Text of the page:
Rima Shretta, MPH, the study's corresponding author, said in a press release from Biomed Central, the journal's publisher, "Our findings demonstrate growing uncertainty about the future availability of donor funding for malaria. The study highlights the need for sustainable financing solutions that bridge the gap between the amount of funding a government can provide based on its economy and the amount donated by external partners, which declines as the country moves closer to becoming malaria-free."

The group also looked at the interventions supported by the malaria elimination funding and found high growth in donor funding for vector-control activities, especially insecticide-treated nets. However, donor money spent on surveillance—considered a key elimination intervention—declined between 2010 and 2012. The researchers said donors will need to assess whether shifting more support to operations such as surveillance and program management will be needed to support progress on malaria elimination goals.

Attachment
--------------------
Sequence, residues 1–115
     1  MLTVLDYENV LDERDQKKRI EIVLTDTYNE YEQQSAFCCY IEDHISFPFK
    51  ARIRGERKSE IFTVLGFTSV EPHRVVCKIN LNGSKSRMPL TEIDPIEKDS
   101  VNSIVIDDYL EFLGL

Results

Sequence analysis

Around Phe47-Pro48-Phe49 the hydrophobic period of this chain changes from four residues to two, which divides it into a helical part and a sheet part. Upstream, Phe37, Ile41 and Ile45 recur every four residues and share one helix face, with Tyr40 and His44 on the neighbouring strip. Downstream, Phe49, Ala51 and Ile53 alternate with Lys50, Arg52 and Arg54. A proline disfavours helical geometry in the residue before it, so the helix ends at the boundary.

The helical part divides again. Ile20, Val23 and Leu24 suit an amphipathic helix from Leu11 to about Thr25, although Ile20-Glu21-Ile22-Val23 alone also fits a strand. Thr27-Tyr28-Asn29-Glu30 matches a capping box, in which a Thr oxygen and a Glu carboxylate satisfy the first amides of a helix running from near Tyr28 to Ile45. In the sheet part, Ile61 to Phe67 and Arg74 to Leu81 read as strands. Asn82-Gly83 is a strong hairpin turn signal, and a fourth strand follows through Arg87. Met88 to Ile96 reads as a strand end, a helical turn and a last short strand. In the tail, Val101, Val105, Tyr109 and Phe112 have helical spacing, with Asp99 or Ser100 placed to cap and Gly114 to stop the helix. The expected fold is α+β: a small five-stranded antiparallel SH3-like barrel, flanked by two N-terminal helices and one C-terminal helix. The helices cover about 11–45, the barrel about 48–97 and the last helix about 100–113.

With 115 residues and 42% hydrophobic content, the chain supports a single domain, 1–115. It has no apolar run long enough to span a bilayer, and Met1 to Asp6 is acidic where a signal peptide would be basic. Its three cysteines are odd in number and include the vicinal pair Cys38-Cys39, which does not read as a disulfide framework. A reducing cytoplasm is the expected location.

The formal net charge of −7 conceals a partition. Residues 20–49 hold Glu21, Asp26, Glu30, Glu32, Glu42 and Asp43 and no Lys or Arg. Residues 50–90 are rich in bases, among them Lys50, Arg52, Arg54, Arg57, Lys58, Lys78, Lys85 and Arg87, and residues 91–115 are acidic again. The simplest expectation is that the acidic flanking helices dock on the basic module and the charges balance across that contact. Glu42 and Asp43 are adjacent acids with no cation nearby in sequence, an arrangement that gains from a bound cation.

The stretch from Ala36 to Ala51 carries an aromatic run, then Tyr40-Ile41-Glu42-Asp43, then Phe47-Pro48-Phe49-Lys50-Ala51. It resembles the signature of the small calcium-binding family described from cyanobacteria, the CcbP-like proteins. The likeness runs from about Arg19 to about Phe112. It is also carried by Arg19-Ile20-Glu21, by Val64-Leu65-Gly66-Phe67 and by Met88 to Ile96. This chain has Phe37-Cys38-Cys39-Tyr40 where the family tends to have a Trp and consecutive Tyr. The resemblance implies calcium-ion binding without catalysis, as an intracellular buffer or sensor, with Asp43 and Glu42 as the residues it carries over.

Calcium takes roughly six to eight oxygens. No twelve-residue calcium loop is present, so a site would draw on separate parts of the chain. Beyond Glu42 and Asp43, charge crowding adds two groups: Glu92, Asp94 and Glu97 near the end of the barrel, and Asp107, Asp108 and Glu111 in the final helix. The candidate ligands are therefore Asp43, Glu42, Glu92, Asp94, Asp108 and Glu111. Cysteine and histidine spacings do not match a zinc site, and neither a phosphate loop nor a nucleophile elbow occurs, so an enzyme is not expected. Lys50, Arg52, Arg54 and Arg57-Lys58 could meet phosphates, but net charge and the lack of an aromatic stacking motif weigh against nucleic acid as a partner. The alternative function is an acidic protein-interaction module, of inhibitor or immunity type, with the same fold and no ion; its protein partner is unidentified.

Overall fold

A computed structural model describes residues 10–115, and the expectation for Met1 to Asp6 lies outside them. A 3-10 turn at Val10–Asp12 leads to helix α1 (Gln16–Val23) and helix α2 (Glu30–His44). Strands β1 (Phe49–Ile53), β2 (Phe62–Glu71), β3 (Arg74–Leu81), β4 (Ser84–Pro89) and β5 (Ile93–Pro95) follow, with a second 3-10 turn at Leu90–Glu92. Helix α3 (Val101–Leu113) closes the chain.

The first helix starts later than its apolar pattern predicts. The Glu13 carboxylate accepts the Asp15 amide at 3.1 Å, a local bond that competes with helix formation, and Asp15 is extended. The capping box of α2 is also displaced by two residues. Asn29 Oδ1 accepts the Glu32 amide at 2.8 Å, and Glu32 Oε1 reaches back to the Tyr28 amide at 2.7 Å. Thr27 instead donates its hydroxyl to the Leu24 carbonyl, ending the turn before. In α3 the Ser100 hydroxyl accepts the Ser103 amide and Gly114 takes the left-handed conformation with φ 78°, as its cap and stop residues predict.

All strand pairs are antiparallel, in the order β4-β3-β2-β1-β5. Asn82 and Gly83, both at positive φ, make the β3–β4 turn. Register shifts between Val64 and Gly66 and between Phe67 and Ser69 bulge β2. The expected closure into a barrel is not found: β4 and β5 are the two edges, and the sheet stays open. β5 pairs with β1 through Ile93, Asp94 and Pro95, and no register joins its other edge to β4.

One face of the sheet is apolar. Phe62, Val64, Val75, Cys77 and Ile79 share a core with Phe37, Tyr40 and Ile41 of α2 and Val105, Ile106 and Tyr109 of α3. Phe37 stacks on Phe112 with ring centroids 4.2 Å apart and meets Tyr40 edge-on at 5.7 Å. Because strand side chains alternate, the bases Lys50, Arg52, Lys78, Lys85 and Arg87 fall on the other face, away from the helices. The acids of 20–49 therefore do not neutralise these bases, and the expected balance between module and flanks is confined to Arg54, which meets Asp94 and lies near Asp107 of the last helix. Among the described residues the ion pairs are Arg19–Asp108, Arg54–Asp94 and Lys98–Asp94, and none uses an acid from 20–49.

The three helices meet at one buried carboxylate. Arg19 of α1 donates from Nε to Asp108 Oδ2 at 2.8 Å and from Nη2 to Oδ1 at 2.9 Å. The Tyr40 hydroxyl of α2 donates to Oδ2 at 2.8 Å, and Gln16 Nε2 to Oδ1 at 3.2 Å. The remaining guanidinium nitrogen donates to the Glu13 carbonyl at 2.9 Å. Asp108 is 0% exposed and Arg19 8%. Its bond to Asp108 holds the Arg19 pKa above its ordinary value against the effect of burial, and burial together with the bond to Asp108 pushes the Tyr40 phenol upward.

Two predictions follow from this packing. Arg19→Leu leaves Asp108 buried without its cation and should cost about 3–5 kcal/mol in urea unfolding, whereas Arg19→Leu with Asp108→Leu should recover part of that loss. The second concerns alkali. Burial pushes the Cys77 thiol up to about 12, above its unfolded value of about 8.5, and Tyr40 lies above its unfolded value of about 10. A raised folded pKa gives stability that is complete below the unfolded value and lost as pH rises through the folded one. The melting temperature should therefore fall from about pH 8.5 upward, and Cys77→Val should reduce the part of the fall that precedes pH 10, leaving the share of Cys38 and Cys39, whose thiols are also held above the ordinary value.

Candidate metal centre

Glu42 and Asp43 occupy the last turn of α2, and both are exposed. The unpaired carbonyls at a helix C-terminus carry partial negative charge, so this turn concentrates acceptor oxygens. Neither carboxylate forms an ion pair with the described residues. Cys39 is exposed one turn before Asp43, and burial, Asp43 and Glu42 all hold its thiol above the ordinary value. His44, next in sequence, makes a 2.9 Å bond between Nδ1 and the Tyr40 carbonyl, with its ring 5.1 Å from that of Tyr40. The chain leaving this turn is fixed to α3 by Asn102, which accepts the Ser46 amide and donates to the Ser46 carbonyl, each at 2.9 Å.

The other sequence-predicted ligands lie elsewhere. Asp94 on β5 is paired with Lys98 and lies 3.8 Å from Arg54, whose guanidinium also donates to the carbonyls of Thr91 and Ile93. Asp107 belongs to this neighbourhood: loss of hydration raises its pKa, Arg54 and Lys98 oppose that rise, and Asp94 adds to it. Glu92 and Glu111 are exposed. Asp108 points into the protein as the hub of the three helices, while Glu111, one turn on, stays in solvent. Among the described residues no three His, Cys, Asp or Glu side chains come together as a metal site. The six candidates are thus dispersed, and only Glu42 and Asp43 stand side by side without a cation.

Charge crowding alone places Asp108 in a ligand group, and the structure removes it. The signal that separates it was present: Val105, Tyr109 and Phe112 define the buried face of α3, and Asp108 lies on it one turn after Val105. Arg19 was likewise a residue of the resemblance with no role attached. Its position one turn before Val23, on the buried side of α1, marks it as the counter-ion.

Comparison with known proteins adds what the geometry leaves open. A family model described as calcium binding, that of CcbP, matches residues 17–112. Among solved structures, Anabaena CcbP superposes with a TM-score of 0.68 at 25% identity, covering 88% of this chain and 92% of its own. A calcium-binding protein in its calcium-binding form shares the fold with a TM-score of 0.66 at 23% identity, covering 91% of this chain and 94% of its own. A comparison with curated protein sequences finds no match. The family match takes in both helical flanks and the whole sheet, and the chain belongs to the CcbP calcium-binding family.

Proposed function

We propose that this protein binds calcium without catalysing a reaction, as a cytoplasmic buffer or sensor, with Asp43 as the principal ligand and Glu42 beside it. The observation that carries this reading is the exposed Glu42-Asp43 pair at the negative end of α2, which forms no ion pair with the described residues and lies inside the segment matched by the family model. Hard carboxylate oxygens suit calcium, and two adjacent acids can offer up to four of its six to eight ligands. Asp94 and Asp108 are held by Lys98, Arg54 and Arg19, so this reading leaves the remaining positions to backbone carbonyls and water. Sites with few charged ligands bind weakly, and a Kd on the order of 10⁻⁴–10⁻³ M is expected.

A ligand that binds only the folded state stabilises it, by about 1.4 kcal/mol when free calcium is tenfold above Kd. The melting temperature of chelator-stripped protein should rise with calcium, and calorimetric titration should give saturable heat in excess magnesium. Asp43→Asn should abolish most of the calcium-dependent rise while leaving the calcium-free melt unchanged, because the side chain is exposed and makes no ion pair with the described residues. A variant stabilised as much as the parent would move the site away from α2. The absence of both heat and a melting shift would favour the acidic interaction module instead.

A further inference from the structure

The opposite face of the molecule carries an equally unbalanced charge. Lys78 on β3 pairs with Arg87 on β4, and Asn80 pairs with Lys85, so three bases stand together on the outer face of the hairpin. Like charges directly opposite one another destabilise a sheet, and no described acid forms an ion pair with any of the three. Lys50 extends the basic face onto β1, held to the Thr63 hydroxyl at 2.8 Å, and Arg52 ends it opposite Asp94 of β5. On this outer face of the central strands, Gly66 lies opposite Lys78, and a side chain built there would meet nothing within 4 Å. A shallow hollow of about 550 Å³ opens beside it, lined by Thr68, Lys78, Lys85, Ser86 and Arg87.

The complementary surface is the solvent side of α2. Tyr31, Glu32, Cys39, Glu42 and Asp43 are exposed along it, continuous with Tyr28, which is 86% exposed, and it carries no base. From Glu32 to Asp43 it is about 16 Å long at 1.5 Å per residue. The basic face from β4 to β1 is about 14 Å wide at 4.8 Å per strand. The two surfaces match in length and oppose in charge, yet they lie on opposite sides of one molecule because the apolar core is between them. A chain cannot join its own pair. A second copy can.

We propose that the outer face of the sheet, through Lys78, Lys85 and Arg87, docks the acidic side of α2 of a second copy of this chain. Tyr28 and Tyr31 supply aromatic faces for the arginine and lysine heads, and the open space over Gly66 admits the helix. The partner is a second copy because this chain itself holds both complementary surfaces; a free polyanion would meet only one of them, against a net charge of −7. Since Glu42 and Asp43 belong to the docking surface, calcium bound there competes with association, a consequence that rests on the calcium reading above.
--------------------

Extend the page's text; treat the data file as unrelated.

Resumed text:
Jul 14 Biomed Central press release
Jul 14 Malar J


Another slight rise noted in Americas chikungunya outbreak

Countries in the Americas reported 317 more chikungunya cases last week, similar to the past several weeks, though not all countries reported their latest numbers, according to an update from the Pan American Health Organization (PAHO).

The weekly total is similar to the 311 cases reported the previous week. Totals can sometimes show large spikes or declines, depending on how frequently countries with high disease burden, such as Brazil, update their cases. For the past few weeks, PAHO's latest report hasn't included new updates from Brazil.

Most of the new illnesses were reported from Central American countries, including Costa Rica, El Salvador, Nicaragua, and Panama. Colombia and Peru also reported a few more chikungunya infections.

Americas countries have now reported 89,563 confirmed, suspected, and imported chikungunya cases this year, most of them from Brazil. The fatality number has held steady at 13.

Since the 2013 start of the outbreak in the Americas and the Caribbean region, the virus has sickened 2,476,274 people.
Jul 17 PAHO update

This week's top reads

Our underwriters